5. Tread lightly with this one: PassProtect is a Chrome browser plug-in that will tell you how many times a password has been exposed in a data breach. PassProtect’s maker says it safe, but we’d probably use it at first just to see how many people really use “qwerty” or “letmein” as their passwords.

How New Construction Is Changing – from Alexa to Solar Power – and More on Five for Wednesday

solar panels on a roof


  1. Homebuilder Lennar has teamed up with Amazon to show off homes powered by Alexa. The model homes will feature a variety of smart devices, like Ring doorbells and Sonos speakers. Lennar previously was in talks to install Apple’s HomeKit into their new builds, but chose Amazon due to the company’s new smart home consultation business, which includes on-site customer service for new smart home buyers.
  2. California becomes the first state to require newly-constructed homes to be powered completely by solar energy. The California Energy Commission says that the law will lower greenhouse emissions as much as taking 115,000 cars off the streets.
  3. Elon Musk’s Boring Co is said to be looking at lowering housing costs by creating bricks out of the muck left behind from the Hyperloop projects in California. There’s no real cost-saving benefits so far from using the industrial runoff, but it would be interesting to see Musk’s HQ made out of the material, which will be molded to look like Lego.
  4. Looking to find out how autonomous vehicles work? Waymo has produced an awesome 360° video on how their cars use lidar, radar, and computer vision to see the road.
  5. Heading to the NAR Legislative meetings and looking to find out how these technologies and more will impact real estate? Head to the Emerging Business Issues and Technology Forum on Thursday 5/17 from 1PM-3PM eastern time to get a crash course on real estate technology.

The Philippines’ Pollution-Free City, Twitter’s Move Into Encrypted Messages, And More In Five For Wednesday

illustration of pollution being erased from a city skyline

      1. Would you move to a city that is dedicated to sustainability, permits only electric cars, and reserves two-thirds of its land for parks and other green space? New Clark City in the Philippines plans to be exactly that.
      2. Love Twitter direct messages but worried about your privacy? Twitter appears ready to tackle encryption-friendly competitors such as Signal.
      3. Not all Internet of Things (Iot) devices provide a strong defense against hacking, so new products that warn you if your smart home has been compromised are really nice to see.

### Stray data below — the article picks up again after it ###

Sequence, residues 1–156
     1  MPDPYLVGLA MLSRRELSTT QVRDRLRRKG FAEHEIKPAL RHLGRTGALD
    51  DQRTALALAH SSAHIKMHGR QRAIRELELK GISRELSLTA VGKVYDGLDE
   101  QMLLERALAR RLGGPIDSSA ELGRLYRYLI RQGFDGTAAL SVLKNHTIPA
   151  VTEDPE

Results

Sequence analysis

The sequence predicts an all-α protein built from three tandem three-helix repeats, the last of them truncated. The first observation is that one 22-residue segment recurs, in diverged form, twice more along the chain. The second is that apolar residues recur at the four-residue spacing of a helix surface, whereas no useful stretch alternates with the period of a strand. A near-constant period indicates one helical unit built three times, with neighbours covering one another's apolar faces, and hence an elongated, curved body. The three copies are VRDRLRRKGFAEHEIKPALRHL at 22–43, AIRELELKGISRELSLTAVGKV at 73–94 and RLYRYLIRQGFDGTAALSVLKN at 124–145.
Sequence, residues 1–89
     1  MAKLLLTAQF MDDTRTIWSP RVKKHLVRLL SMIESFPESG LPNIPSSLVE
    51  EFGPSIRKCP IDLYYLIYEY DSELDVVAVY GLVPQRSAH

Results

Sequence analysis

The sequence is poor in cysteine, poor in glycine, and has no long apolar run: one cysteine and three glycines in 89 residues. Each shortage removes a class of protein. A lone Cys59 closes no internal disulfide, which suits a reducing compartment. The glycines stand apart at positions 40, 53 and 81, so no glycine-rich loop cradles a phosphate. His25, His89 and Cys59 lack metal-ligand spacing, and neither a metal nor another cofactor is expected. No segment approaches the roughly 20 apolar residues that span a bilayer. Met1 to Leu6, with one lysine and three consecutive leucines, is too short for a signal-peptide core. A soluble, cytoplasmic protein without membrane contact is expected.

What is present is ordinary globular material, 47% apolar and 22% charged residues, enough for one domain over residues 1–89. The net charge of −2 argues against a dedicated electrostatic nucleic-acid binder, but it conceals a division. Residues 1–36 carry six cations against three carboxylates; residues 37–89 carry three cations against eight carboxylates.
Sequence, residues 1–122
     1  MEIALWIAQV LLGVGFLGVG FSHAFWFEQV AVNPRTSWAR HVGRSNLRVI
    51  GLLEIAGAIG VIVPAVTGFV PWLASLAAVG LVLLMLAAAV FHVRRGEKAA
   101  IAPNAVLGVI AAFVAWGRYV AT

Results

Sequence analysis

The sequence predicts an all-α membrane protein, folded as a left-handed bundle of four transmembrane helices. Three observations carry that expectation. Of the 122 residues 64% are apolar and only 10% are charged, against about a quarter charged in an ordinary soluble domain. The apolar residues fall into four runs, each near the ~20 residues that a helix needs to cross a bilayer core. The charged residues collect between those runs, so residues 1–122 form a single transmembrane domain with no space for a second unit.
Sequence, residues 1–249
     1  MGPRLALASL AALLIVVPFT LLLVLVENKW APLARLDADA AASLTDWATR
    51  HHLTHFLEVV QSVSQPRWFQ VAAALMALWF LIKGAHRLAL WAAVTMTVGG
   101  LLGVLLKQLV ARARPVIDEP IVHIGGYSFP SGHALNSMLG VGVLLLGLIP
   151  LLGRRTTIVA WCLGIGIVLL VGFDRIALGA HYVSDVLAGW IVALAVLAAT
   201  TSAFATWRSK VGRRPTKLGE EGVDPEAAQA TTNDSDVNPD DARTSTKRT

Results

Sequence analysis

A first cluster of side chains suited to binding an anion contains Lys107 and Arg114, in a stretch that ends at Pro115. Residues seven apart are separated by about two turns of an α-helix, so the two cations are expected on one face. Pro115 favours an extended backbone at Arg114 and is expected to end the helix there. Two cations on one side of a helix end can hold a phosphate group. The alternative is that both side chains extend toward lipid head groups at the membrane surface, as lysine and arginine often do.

4. Speaking of smart homes: smart switches are a great place to start, but there are some things you should know before you buy and install them. (You can also read our guide to smart switches, part of CRT Labs’ Smart Home Simplified series.)
      5. Lastly, Apple is getting serious with apps that share your location data with third-parties, removing them from the App Store and forcing companies to resubmit their apps for review after they’re brought into line with Apple’s policies.

Test Your Knowledge of Browser Privacy; The Amazing Benefits of Green Roofs; More in Five for Wednesday

illustration of someone incognito, with shadows and gradients

      1. Take a brief survey to find out how much you know (or don’t know) about Web browsers and their private modes. Misconceptions are apparently “significant.”
      2. And while you’re at it, review the Electronic Frontier Foundation’s Surveillance Self-Defense Toolkit.
      3. New York City’s ginormous Javits Convention Center has a 6.75 acre green roof that reduces energy consumption and has saved the owners millions of dollars. There really need to be more of these in our cities.
      4. We’re several years into the smart watch lifecycle, and because of their size, watches and other wearables are still difficult to control. We’re betting we’ll see more projects like this, which turns your arm into a touchscreen.
      5. Pinterest is doing some amazing design and user experience work to make their services more accessible to those with visual impairments. Improved UX for all users isn’t just a good idea, it’s good business.